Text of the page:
Open education innovator Sal Khan, MIT alumnus and founder of Khan Academy, gave the commencement address at MIT graduation ceremony on June 8, a speech that included both a nod to the power of open education as exemplified by MIT's OpenCourseWare program and Khan's own web site, and an homage to the importance of the unique academic community that is MIT.
Khan spoke eloquently of the inspiration he drew from MIT's 2001 announcement to make all of its courseware openly available on the web. "MIT announced ... that it was going to take knowledge and resources that used to be behind the wall of elite institutions and not charge for them but give them away for free to the world ... When I read that press release, I had never been so inspired. I had never been more proud to come from this community."
At a time when many are wondering if open education efforts such as Khan Academy and the recently-announced MITx spell the end of the traditional university, Khan argued strongly for the value of the shared experience of the academic community. "[The MIT environment] pushes us. And I do believe that MIT pushes us harder that probably any other institution in the world. But when you do that, you take someone to another level, you take them truly to recognize to what they are capable of."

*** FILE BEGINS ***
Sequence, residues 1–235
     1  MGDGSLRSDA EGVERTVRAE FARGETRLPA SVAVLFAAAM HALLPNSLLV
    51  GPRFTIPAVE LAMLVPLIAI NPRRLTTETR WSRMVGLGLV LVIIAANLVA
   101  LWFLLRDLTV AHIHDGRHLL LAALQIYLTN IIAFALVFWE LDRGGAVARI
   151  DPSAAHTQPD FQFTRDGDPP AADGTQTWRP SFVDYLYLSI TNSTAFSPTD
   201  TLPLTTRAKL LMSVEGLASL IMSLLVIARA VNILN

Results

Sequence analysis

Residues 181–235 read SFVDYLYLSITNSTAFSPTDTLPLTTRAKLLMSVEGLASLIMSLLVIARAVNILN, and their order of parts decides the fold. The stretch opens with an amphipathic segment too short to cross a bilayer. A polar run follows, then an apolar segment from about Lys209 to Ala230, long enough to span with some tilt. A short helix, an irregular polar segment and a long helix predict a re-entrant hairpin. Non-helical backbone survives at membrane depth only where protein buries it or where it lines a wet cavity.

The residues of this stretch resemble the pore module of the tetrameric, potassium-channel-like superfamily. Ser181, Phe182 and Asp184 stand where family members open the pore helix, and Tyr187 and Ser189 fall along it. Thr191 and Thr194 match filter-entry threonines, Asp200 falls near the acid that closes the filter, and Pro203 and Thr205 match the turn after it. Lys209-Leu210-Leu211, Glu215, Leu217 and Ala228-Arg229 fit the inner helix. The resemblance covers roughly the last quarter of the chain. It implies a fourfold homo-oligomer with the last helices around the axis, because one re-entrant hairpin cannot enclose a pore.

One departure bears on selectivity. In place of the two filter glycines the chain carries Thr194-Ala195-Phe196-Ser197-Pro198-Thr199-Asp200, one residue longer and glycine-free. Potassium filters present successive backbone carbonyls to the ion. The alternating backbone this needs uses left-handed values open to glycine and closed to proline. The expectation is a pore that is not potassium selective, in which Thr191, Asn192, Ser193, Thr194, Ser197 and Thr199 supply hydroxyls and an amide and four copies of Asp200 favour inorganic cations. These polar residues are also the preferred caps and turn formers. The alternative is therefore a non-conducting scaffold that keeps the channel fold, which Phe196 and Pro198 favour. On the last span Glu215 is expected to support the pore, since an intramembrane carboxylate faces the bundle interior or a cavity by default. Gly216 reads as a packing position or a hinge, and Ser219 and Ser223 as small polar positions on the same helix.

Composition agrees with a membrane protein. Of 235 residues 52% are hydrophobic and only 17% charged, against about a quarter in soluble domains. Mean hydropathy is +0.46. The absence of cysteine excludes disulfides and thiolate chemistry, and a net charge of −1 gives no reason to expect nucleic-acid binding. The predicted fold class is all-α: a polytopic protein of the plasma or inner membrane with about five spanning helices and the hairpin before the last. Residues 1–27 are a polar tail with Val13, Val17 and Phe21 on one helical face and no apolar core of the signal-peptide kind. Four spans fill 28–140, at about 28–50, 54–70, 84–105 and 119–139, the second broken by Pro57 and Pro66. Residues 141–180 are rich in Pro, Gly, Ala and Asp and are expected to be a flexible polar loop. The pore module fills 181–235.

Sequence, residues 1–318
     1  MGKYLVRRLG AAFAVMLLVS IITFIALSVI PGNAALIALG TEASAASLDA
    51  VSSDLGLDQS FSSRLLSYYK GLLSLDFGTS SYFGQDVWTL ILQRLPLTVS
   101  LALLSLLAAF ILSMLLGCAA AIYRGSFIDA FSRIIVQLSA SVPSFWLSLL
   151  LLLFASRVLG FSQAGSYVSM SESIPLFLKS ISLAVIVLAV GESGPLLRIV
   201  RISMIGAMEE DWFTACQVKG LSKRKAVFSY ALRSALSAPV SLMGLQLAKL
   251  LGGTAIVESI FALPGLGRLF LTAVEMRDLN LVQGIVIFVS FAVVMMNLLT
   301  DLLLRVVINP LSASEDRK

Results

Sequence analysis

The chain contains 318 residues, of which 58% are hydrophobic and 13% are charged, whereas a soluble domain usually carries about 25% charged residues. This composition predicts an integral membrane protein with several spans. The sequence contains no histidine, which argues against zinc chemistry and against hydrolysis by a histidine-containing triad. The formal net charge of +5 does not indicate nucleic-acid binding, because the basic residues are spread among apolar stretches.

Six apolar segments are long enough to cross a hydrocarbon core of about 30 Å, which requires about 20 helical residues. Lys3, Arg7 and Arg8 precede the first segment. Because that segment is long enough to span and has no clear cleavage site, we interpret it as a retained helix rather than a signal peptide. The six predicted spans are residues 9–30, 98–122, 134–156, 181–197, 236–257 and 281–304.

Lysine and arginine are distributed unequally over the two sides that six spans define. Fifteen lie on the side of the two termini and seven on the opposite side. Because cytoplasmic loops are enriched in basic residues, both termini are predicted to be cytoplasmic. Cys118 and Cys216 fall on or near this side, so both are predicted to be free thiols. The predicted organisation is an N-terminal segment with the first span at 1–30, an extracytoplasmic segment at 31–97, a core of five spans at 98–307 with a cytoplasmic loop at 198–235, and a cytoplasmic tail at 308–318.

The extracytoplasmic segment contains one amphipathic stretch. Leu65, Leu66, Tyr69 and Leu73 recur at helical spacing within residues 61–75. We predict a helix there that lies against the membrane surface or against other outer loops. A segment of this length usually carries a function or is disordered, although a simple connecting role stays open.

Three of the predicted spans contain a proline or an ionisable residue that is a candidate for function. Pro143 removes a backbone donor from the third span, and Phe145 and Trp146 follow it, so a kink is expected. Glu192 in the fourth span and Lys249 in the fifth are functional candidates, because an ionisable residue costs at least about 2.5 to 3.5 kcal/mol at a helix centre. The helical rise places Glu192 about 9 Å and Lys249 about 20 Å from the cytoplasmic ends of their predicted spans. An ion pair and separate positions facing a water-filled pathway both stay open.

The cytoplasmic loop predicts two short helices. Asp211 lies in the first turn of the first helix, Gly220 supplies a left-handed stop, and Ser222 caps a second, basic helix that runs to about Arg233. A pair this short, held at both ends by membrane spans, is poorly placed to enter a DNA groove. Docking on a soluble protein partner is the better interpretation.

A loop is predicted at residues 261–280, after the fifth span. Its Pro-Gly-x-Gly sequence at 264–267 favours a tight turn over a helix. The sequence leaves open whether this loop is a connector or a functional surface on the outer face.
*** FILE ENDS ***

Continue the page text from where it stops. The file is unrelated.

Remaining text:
As is appropriate for an academic event, Khan also invited the graduates to participate in a series of thought experiments, projecting themselves into the perspectives of others in their lives, and imagining themselves at 70, looking back upon their lives and careers, and asked them to imagine from those perspectives they might do differently. "You...start to think about the things you might have done differently, your regrets. And I can imagine what they might be. You'll wish that you had spent more time with your children. You'll wish that you has told you spouse 'I love you' more frequently. You'll wish that you had spent more time with your parents and told them how much you appreciated them before they passed away." He then extolled the graduates to do this while they could.
Khan's speech points to one of the key dilemmas open education poses to traditional universities. The intense academic environments of today's campuses create much of the open content upon which tomorrow's educational innovations will be built. MIT OpenCourseWare relies for its richness on the academic community at MIT, and it's hard to imagine a Khan Academy emerging without the immersion in academics that Sal Khan received at MIT and Harvard. And yet, these innovations threaten to supplant the very institutions that gave rise to them. Creating structures to manage the disruption brought about by open education and ensuring a role that maintains the vitality of our campus environments is the core challenge of the next generation of academic innovators.